Briefing the Case Using the IRAC Method
Ralph Patel was charged with the murder of Stephen Dale and was brought to trial. The victim was shot dead, and a 38 caliber bullet was ejected from the body during the autopsy. Patel faced the arrest two days after the shooting, and his house was searched as he was accused of murder. During the search, a dozen handguns, including one AK-47 and three rifles with sniper scopes, were found. However, none of the guns did match up with the bullet that was ejected from the body. In a pre-trial motion, the defense has moved to exclude the evidence of the guns found in Dales house, based on its irrelevance to the case. The judge should decide on the admissibility of the evidence in this case.
In the particular case under analysis the issue, which is presented to the court, is the admissibility of the evidence. The confronting parties here are the defense, which represents the interests of Ralph Patel, accused of murder, and the judge, who is supposed to make a decision, based on all the presented facts. The question of evidences admissibility is problematic because none of the guns, possessed by Patel, did match with the bullet, which was found in the victims body. As Melear (2013) states in her article, if the weapon which was not used in the crime is introduced as evidence, the trial court must consider its relevancy, either to the perpetration of the crime or to the credibility of a witness, and then weigh the probative value, if any, against the possibility of unfair prejudice to the defendant (p. 321). Therefore, the admission of Patels firearms to the evidence might serve as a prejudgement of the defendant. However, to solve the presented issue, one should dwell upon other cases related to the firearm case law, compare them to the problem under consideration, and then the conclusion could be made.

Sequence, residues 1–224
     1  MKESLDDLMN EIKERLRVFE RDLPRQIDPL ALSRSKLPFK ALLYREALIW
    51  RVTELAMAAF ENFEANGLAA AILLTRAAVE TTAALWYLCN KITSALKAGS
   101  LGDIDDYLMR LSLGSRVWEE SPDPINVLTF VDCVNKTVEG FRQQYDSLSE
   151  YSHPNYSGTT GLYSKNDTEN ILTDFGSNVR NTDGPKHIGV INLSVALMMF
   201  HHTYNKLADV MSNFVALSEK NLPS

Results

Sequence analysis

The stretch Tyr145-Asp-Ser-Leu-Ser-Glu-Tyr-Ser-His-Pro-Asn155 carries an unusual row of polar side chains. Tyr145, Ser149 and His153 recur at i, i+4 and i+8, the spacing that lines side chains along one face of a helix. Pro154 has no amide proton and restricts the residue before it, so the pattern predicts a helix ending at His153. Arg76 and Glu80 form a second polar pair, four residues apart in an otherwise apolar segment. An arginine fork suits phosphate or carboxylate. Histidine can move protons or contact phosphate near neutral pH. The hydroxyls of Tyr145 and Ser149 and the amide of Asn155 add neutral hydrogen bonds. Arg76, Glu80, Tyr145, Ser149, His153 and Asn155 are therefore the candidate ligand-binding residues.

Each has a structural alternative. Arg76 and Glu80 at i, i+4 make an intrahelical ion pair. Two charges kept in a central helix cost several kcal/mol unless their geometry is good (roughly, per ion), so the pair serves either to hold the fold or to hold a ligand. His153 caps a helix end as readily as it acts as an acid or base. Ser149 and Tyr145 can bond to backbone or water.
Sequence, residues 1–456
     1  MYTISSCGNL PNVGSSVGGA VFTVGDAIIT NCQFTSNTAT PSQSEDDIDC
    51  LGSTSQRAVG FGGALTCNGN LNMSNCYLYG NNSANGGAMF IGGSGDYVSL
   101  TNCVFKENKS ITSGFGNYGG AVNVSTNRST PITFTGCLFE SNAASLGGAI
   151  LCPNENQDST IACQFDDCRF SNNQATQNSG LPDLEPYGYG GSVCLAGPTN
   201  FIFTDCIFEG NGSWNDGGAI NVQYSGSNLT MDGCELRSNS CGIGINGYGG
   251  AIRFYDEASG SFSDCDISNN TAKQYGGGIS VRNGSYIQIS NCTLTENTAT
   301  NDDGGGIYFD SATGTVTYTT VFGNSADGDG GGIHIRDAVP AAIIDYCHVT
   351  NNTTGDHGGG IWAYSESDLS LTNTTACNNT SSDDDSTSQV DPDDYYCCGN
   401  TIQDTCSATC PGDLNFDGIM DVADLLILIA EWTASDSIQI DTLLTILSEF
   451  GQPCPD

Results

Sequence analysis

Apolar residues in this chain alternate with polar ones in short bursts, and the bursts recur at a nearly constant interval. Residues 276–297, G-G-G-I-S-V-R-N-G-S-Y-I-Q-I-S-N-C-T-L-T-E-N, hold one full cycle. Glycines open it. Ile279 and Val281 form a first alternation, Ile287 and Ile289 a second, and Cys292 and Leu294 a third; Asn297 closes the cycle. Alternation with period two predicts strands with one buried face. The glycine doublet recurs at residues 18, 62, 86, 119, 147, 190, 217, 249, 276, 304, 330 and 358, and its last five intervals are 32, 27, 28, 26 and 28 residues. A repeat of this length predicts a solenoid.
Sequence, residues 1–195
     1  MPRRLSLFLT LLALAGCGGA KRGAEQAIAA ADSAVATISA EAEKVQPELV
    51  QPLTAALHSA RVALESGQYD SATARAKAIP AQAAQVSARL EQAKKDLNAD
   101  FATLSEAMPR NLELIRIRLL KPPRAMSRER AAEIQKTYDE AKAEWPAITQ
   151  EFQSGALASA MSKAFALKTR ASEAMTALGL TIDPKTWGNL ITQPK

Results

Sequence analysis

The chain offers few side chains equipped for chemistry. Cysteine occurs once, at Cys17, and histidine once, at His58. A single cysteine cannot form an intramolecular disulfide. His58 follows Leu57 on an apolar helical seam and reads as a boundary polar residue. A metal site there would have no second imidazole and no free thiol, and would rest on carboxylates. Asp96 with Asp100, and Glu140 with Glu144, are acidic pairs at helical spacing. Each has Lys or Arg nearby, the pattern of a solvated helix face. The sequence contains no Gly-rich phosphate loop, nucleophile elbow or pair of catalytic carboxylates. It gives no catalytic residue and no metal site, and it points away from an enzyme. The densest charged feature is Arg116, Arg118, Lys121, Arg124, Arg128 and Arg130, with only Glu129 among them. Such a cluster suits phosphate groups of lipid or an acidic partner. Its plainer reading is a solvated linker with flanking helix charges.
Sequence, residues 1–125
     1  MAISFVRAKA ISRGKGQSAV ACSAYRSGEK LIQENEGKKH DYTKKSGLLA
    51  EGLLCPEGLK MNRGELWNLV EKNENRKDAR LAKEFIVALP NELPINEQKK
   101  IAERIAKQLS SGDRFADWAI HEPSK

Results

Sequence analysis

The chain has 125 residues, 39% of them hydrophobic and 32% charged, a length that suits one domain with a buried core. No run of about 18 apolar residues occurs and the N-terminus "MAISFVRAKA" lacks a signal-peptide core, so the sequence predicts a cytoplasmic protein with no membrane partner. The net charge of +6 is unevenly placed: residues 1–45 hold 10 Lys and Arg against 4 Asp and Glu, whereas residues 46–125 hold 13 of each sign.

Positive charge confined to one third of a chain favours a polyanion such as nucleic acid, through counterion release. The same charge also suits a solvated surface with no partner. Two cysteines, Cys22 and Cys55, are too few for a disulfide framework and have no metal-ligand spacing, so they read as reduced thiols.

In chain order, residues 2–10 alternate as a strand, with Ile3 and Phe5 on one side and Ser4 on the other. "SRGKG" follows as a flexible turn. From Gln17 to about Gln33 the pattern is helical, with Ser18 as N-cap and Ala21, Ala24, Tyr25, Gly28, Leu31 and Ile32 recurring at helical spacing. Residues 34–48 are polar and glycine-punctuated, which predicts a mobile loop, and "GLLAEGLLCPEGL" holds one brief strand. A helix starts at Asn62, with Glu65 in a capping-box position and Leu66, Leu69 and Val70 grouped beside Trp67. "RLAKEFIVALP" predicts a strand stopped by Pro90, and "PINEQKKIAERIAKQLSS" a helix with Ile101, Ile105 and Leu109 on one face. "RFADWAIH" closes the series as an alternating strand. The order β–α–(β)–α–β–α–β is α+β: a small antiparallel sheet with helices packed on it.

As it was mentioned before, the essential law, which is applied to such matters, is the Second Amendment that permits the United States citizens to possess and carry arms. Additionally, another law which could be applied to the related case is the , which is regulated by the . This law regulates the legitimacy of the evidence admission in the situations when such admission will adversely influence the defendant (or when it is needed to justify the defendants reprehensive behaviour). Thus, to put the analyzed problem into a proper context, one should touch upon the significant cases related to the Second Amendment since those cases interpretation of the firearm law could be relevant to the briefed case. The admissibility of the bad character evidence will also be observed.
The first case which should be considered is theDistrict of Columbia v. Heller(2008) in which the Supreme Court upheld that the Second Amendment protects an individual right to possess a firearm unconnected with service in a militia, and to use that arm for traditionally lawful purposes, such as self-defense within the home (para. 2). Also, it was specially stated that the Districts total ban on handgun possession in the home amounts to a prohibition on an entire class of arms that for the lawful purpose of self-defense (District of Columbia v. Heller, 2008, para. 10). It means that, according to the courts decision, the handguns are not considered as a criminal matter of possession; moreover, they are mentioned as the means of lawful self-defense.
Two years later, in the case ofMcDonald v. Chicago(2010) , the Supreme Court mentioned the Hellers case and ruled that a provision of the Bill of Rights that protects a right that is fundamental from an American perspective applies equally to the Federal Government and the States (para. 7). This case was a turning point in the history of firearm law, because it finally made the law applicable on the federal level.